appeals to as perfectly known, though only fragments of a few of their works now re-
main. He appeals also to the public records of the Tyrians, " which (says he) are
" kept with great exactness, and include accounts of the facts done among them, and
" such as concern their transactions with other nations also." These records state the
ouilding of the temple of Solomon, and the time it took place, and various circum-
stances connected with it. — Josephus also quotes Manactho, Dius the historian of Phoe-
nicia, and Menander of Ephesus, to the same purpose. He also quotes Berosus the
Chaldean, " well known (says he) by the learned, on account of his publication of the
" Chaldean books of astronomy, and philosophy among the Gieeks. This Berosus
" therefore, following the most ancient records of that nation, gives us a History of
" the Deluge of JVaters that then happened, and of the destruction of mankind thereby.
" and agrees with Moses's narrative thereof ; he also gives an account of the Ark
" wherein Noah the origin of our race was preserved, when it was brought down to the
" highest part of the Armenian mountains; after which he gives a catalogue of the pos-
" terity of Noah, and adds the years of their chronology, and at length comes down to
" Nabolassar (or Nabopollassar) who was king of Babylon." — I earnestly recommend
the entire Book to the perusal of the Student.

The concurrence of the Sacred Records with those of Pagan history, and the pro-
bable derivation of much of the ancient philosophy from tlie Scripture, is confirmed by
Edsebios in his Praparatio Evangelica, much more fully than by Josephus — a work
of such signal importance that it may be useful to give an Abstiact of its Contents, to
excite the attention of the Student. In his first book, Eusebius exhibits a view of the
Theology of the Ancients, particularly of the Phoenicians and Egyptians, and of the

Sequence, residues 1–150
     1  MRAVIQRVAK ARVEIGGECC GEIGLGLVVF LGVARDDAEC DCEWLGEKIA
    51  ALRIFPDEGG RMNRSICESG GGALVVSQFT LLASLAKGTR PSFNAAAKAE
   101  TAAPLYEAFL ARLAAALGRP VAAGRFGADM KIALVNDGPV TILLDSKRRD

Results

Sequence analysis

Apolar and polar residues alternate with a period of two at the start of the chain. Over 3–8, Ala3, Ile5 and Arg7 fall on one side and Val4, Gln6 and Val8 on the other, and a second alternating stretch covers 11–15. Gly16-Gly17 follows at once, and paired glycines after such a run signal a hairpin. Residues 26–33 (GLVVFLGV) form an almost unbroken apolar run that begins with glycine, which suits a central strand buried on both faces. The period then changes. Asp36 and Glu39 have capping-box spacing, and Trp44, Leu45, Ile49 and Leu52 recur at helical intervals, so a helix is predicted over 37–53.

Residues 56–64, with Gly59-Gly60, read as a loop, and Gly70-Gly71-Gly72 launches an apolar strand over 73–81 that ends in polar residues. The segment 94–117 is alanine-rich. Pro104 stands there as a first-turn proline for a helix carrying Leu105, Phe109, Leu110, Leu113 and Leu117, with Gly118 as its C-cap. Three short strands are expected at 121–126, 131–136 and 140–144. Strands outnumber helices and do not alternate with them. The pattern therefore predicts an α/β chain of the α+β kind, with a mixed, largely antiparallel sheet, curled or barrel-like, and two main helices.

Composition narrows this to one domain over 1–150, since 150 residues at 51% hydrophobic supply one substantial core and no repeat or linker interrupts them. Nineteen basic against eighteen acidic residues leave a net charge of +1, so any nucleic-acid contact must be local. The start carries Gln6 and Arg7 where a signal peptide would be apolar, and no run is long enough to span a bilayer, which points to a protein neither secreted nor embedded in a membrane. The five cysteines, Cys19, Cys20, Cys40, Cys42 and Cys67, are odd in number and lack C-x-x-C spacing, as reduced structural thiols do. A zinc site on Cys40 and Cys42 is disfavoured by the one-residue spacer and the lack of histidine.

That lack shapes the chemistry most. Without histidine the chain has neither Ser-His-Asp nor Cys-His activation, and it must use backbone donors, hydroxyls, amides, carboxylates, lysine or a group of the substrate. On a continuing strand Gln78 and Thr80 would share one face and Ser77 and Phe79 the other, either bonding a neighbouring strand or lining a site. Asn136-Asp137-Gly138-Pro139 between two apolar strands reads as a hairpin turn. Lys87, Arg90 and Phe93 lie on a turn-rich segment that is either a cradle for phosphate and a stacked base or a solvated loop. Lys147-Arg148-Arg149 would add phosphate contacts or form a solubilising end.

progress of idolatry, and the ancient opinions on the origin of the universe; in his
second book he carries on his view to the Theology of the Greeks and Romans, the
fables of the heroic age, and the Arcana of the mysteries; and also introduces a brief
exposition of the absurdities of this theology, and these superstitions. In his third,
fourth, and fifth books, he exposes at large the absurdities of the fables and superstitions
attending idolatry, especially the fallacy of its divinations and oracles ; and though he
intermixes opinions of his own in accounting for facts, of which a more enlightened
philosophy will not approve, yet the facts themselves, and the original authorities ou
which they are supported, are most highly important. In his sixth book, he exposes
the pagan system of fate, &c. In his seventh and eighth books, he illustrates tiie
superiority of the Jewish religion, in its theology, its moral principles, and its eflijcts.
But in his ninth, he adduces what is most directly connected with the object of our


Some Friends, whose judgment I most highly respect, have
Biated to me, that I ought to have included the book of Genesis
in my plan ; and that even now I ought to prefix some prelimi-
nary Lectures on this important part of Sacred History, before

present enquiry, an accumulation of testimonies from works then extant, but very
many of which are now lost, to confirm the sacred history. He here produces the
strongest testimonies of Grecian writers to the excellence of the Hebrew principles of
theology and morals,* to the vain attempts of the Egyptian magicians in opposition to
Moses, f Abydenus's tradition of the deluge, $ and Tower of Babel, § Eupolemus's testi-
mony to the history of Abraham, || and various other confirmations of the Jewish history
preserved by Alexander Polyhistor — from Theodotus, to the history of Jacob; from
Artapanes, to that of Joseph and of Moses, and a long and accurate testimony to the
plagues of Egypt and the passage of the Red Sea;1I from the tragic poet Ezekiel, to the
same facts; and Demetrius, to the same, in an abstract evidently taken from the sacred